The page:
This is a hot topic at the moment with three large employers under scrutiny for their pay structures:
- Uber, the transport company, has been taken to the employment tribunal to face a claim made by two of its drivers, or 'driver partners', that they should be treated as workers, rather than self-employed. The test for a 'worker' is provided for in the Employment Rights Act 1996 and requires work to be done either under a contract of employment or any other contract where the work is done personally and not by a business being run by the worker in question. Obtaining worker status would grant the drivers more employment rights and would protect them from being paid less than the minimum wage, one of the branches of the claim being made. Uber has over 30,000 driver partners in London alone and the case is likely to have large impact on this style of business. Watch this space for updates.
- Meanwhile, Deliveroo, the restaurant delivery app and firm, has written a clause into its contract that its self-employed delivery drivers cannot bring similar claims against the company to contend that they are either an employee or worker. It's probably only a matter of time before such a provision is challenged, however.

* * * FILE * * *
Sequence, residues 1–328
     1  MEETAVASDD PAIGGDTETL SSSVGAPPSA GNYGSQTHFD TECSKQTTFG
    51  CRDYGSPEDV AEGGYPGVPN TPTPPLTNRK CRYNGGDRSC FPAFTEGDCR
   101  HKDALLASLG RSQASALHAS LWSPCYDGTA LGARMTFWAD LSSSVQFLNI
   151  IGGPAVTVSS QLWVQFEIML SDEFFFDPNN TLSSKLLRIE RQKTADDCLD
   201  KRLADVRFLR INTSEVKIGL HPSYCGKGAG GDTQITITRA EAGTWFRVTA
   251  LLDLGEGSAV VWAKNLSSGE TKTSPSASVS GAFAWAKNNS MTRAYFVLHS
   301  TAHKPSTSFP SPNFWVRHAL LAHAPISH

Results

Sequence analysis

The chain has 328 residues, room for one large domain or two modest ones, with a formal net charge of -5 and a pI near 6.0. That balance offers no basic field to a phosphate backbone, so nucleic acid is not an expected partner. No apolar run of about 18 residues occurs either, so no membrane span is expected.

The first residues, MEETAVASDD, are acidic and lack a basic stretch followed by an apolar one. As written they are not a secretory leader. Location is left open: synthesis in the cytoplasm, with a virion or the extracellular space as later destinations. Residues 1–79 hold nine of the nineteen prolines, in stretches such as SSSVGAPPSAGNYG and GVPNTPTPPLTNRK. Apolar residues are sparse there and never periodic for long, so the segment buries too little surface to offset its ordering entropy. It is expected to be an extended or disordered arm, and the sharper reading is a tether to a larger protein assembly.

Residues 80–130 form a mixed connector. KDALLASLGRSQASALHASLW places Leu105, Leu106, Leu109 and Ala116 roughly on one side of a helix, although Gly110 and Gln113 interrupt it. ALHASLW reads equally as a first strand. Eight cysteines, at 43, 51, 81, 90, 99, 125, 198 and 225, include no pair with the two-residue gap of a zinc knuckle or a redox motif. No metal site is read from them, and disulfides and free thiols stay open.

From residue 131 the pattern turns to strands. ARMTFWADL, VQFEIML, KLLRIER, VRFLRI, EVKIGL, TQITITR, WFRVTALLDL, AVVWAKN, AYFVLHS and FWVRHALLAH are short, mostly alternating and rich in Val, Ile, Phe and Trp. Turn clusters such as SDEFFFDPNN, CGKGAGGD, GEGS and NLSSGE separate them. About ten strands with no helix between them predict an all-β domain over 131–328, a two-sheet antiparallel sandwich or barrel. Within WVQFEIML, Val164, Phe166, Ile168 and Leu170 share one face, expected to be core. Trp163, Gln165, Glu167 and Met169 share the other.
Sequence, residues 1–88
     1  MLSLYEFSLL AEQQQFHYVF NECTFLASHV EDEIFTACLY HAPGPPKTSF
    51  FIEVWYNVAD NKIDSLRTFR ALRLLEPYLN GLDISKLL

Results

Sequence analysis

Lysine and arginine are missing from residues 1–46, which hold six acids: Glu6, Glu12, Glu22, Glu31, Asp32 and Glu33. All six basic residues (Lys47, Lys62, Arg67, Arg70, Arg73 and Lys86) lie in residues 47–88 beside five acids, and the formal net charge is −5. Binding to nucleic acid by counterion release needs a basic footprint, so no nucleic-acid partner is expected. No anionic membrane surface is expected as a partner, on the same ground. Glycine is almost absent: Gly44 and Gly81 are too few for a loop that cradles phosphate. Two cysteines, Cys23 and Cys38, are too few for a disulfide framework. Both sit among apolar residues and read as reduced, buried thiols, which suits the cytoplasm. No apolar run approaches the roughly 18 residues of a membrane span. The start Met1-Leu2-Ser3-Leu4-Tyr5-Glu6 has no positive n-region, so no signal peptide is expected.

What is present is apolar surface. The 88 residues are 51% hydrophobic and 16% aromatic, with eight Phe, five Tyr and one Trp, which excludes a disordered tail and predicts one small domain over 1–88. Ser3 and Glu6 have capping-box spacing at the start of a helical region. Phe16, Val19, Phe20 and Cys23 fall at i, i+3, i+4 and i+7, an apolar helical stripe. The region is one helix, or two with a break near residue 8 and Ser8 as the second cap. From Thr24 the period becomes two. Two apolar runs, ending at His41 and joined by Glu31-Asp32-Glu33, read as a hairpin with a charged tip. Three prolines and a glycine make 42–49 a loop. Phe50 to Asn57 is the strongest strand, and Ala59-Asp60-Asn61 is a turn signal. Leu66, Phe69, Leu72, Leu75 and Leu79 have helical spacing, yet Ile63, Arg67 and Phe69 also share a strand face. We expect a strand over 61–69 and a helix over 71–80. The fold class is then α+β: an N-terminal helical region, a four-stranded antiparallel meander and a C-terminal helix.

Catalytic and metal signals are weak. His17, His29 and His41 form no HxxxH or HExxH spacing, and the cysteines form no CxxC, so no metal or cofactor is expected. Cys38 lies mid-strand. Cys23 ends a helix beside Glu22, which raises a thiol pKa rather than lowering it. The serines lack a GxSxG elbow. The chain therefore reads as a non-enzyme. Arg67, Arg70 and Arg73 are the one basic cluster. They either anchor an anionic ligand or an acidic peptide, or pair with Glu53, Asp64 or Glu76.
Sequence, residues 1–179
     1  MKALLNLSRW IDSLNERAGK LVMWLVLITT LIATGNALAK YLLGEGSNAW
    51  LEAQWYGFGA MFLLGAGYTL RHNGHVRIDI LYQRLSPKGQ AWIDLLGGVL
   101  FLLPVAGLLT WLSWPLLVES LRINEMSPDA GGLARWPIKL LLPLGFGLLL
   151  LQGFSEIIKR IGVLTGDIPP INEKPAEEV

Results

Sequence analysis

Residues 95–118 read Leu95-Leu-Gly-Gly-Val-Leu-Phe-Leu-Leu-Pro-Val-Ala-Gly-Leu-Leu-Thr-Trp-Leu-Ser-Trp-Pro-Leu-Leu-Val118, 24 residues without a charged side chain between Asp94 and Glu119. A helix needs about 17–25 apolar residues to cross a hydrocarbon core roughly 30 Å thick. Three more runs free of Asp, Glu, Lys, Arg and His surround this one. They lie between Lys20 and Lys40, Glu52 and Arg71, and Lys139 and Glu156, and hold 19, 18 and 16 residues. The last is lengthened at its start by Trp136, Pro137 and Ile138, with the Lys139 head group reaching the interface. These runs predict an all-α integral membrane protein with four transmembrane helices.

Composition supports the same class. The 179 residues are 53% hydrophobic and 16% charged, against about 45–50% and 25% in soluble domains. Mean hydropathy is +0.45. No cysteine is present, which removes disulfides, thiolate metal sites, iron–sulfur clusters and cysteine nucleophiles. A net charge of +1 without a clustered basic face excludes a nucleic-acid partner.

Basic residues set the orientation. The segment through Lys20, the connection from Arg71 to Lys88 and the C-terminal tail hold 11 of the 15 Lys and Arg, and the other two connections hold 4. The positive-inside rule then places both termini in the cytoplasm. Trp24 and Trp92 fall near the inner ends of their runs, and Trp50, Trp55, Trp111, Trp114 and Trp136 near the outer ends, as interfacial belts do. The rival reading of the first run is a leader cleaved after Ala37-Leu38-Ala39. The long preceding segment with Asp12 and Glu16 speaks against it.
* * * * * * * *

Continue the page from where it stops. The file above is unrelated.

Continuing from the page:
- Another employer in the firing line is Sports Direct, which has recently admitted that warehouse employees and other staff were effectively paid less than the national minimum wage due to harsh wage docking penalties for being late and being subject to security checks after they'd clocked off. Following negotiations, Unite the Union reported that workers at Sports Direct's Derbyshire base will receive back-pay of about £1m for the missing wages.
What Should Employers Do Next?
Check to make sure people working for you are properly classified as employees, workers or self-employed. Also, stay tuned for the results of the employment tribunal with Uber.